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Congratulations President Obama!
Even though it turned out to be a moderately close race, there was never really any doubt (certainly in my mind) that he would be re-elected. In essence, America is forward-looking — perhaps the most forward-looking country in the world. Mitt Romney, sound and sane as he is, represents the past — he even looks and dresses like a Mormon Dan Draper (that’s the star of Mad Men, a shockingly popular US TV series set in the 1950s).
While it was hardly a surprise that Mr Romney got votes from the majority of older, white Americans, Mr Obama won by defining the constituency of the future — young people (over 60 per cent of under-30s voted for him), African-Americans, Hispanics (the fastest growing minority in the US) and, importantly, women. The grotesquely backward and misogynistic comments from several Republican Senate contenders – all of whom, incidentally, lost their bids – clearly pushed any undecided women over to the Democratic side. “Sexy Bill” may have helped, too.
But as important as Mr Obama’s victory was, the election produced several other key results. First of all, of course, was the sound defeat of the crazies, as mentioned above. Two of them were well ahead in their Senate races but sank like they deserved to after their horrible comments on rape and abortion. And more important even than their defeats is the signal that extreme, backward social views will not spin any more in America — the Tea Party is over.
This bodes very well for policy making going forward. The fiscal conservatives in the Republican Party had been able to use the rabble-rousing impact of the Tea Party to create near policy paralysis – familiar term – during Mr Obama’s first term. The defeat of the extremists will be a loud signal to House Republicans, many of whom come up for re-election in two years, that the time for extremism is over.
In my view, Mr Obama, like any reasonable person, is also a fiscal conservative — everybody knows you’ve got to balance the books. Given the new dispensation generated by the election, I believe that compromise on the US budget deficit will be easier than it was, and certainly a lot easier than most people expect.
Another important signal from the election is that political America, reflecting the electorate, is becoming hipper and more modern. Two states endorsed gay marriage and two states approved recreational marijuana use — maybe I should move to Colorado. Such changes would be inconceivable in the vision that the current Republican Party has of America.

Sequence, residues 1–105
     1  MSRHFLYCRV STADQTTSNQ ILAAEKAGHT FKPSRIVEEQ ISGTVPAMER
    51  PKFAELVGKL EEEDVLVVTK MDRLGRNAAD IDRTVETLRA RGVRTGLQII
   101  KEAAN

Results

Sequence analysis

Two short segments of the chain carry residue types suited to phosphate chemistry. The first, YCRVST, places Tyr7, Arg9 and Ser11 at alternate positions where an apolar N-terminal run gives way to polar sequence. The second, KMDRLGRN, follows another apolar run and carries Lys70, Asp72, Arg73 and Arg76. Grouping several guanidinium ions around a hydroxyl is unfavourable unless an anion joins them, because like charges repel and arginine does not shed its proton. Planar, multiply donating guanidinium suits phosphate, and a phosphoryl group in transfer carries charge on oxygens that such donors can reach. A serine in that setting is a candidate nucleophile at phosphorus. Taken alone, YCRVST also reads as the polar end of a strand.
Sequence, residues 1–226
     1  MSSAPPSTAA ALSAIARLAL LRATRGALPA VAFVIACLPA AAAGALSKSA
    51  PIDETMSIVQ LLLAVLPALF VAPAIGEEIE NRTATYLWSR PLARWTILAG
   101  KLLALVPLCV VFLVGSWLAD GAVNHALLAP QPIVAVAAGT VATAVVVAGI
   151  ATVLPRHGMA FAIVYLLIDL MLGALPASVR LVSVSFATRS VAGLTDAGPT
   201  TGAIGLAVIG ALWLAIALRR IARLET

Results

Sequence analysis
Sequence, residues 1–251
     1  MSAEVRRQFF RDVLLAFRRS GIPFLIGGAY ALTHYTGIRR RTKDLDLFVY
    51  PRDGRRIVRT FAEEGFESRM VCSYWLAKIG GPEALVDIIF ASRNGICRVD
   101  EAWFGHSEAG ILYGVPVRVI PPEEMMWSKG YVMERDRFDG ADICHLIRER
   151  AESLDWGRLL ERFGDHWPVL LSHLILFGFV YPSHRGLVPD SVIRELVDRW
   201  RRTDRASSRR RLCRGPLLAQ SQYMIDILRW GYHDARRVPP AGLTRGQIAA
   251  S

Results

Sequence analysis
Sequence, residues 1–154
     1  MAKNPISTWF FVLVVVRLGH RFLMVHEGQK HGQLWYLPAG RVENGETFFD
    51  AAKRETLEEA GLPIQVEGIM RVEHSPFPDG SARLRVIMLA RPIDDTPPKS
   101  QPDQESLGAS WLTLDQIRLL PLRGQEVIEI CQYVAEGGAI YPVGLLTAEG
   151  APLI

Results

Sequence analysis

And finally, racism, while far from dead, is certainly marginalised in America today. It is obvious that a part – perhaps not a very large one – of Mr Romney’s vote was from “good ol’ boys” who, despite being part of the 47 per cent that he had derided, would never vote for a Black man. However, the uproar that was sparked by comments made by Mr Romney’s campaign chair, John Sununu, when Colin Powell endorsed Mr Obama makes it clear that overt racism remains unacceptable in contemporary American political life.
Well done, America! Give us more!
And not just four more years of Mr Obama, but a renewed American dream combining focused individualism with community sensitivity. The world is turning in that direction anyway – the financial sector blowout is but one of many loud pieces of evidence – and America has always taken the lead in new trends, whether they be technological, social or cultural.
To my mind, the most important contribution America has made to world culture is freedom of speech, which is but an exposed version of freedom of thought, which is the key ingredient of creativity. Without question, America has been the most creative country on earth, and Mr Obama’s second term – bringing with it investment in education, technology and climate change – will renew this gift.
But it’s a tricky one. The combination of freedom of thought and technology can be incendiary, as recent events have shown. Managing this mixture will remain a difficult challenge both for America and the world at large.
As important, the combination of freedom of thought and the right to bear arms is a peculiarly horrific American mixture that needs to be dealt with, sooner rather than later. Gun control is definitively the next major hurdle for the New American Politics to cross. But it is incomprehensively difficult, and certainly not one for an African-American president to address.
Rather President Obama should – and will – spend the bulk of his second term binding the country together and leave it to the next president, who will also be a Democrat, but a white woman, to address this critical challenge.